Grotjahn's practice is rooted in conceptual art and his paintings and drawings pursue a number of individual and seemingly contradictory strands, including the Butterfly works, as well as expressively painted faces, masks and flowers, all of which touch on historical referents. Grotjahn's career began in the Bay Area and Los Angeles, where he made a name for himself with the Sign Replacement Project that involved him making faithful copies of hand-written shop signs, trading them in for the originals, and exhibiting them as his own. In 1998 he exhibited a shift in his practice when he displayed these exchanged sign works next to a set of paintings stimulated by the perspectival inventions of the Renaissance, particularly dual and multiple vanishing points. "At the time I had just moved to L.A. and I had been doing conceptual performance work in the Bay Area, Grotjahn explains. "I opened a gallery with my friend Brent Peterson and started showing and working with other artists. That took care of a lot of my conceptual needs as well as feeling connected to a larger community. And I started to think about why I got into art in the first place. I was always interested in line and color. I wanted to find a motif that I could experiment with for awhile. I did a group of drawings over a period of six to twelve months. The drawing that I chose was one that resembled the three-tier perspective, and that is what I went with" (M. Grotjahn quoted in A. Douglass, "Interview with Mark Grotjahn," 6 October 2010, at http://www.portlandart.net/archives/2010/10/interview_with_11.html). Intrigued by this idea but unhappy with the landscape connection suggested by the horizontal orientation, Grotjahn soon tilted the axis ninety degrees. With the vertical body anchoring the center of the composition and the vectors radiating like starbursts, Grotjahn discovered a graphic framework that has become his most sustained visual investigation, generating endless permutations for the artist.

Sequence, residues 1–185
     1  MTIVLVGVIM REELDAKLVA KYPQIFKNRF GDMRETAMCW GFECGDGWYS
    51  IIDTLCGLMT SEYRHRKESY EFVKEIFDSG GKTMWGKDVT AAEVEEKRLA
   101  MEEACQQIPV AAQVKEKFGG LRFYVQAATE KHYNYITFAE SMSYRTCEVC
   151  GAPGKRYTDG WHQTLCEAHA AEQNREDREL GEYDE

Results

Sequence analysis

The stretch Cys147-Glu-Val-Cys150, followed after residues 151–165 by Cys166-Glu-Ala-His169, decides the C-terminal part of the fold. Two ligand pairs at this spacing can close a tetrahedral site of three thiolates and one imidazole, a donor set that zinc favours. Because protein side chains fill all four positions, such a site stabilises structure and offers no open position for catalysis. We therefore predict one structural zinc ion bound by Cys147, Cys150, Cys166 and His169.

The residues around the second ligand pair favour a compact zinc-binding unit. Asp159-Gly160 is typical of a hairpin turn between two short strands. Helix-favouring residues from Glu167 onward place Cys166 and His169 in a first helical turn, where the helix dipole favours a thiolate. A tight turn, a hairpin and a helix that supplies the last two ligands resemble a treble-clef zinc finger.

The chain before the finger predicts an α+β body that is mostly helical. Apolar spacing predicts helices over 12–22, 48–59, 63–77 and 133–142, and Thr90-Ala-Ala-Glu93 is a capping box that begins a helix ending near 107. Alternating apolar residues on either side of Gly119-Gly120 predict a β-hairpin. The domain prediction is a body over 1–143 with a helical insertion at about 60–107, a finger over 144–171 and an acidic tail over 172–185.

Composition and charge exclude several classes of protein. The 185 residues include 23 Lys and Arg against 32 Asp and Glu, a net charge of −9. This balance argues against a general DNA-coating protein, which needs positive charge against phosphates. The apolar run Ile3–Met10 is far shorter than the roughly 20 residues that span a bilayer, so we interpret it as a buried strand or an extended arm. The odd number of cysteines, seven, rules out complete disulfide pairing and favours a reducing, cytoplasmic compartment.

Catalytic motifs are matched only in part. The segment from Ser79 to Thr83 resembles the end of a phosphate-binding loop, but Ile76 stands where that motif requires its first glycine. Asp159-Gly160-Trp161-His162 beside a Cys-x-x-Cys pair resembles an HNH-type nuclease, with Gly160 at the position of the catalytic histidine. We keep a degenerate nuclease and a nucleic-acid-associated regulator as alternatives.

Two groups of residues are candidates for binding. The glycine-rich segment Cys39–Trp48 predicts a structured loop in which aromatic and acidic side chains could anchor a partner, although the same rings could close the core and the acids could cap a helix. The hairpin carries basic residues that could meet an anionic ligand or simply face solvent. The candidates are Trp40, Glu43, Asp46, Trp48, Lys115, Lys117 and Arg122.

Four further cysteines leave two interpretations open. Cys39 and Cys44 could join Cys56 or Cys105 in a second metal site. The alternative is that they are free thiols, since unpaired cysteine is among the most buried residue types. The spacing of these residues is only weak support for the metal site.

Grotjahn's early interest in handmade signs is evidenced in the present work through a celebration of the artistic trace, which refuses the precise, hard-edged line often associated with formal abstraction. It can also be seen in the artist's signature, which he makes a peculiar feature in most of his paintings. Signing the front of a work is rare for most abstract artists and an unusual practice in contemporary art in general, yet Grotjahn has prominently placed his name and the date of production on this Butterfly work. No afterthought or closing gesture, Grotjahn's signature is a premeditated act that was built into the painting as it evolved. Instead of a handwritten inscription, this is a typographically designed stencil that exposes the bright yellow under-layer of paint and boldly disrupts the illusionist pictorial space. The artist's signature, and therefore his identity, is bound up in the painting as a formal device, creating a small sign that indicates Grotjahn's awareness of the relationship between the author, the work and the wider system of artwork as fetish object. For Grotjahn, the whole work is his signature, and the Butterfly paintings represent his signature style.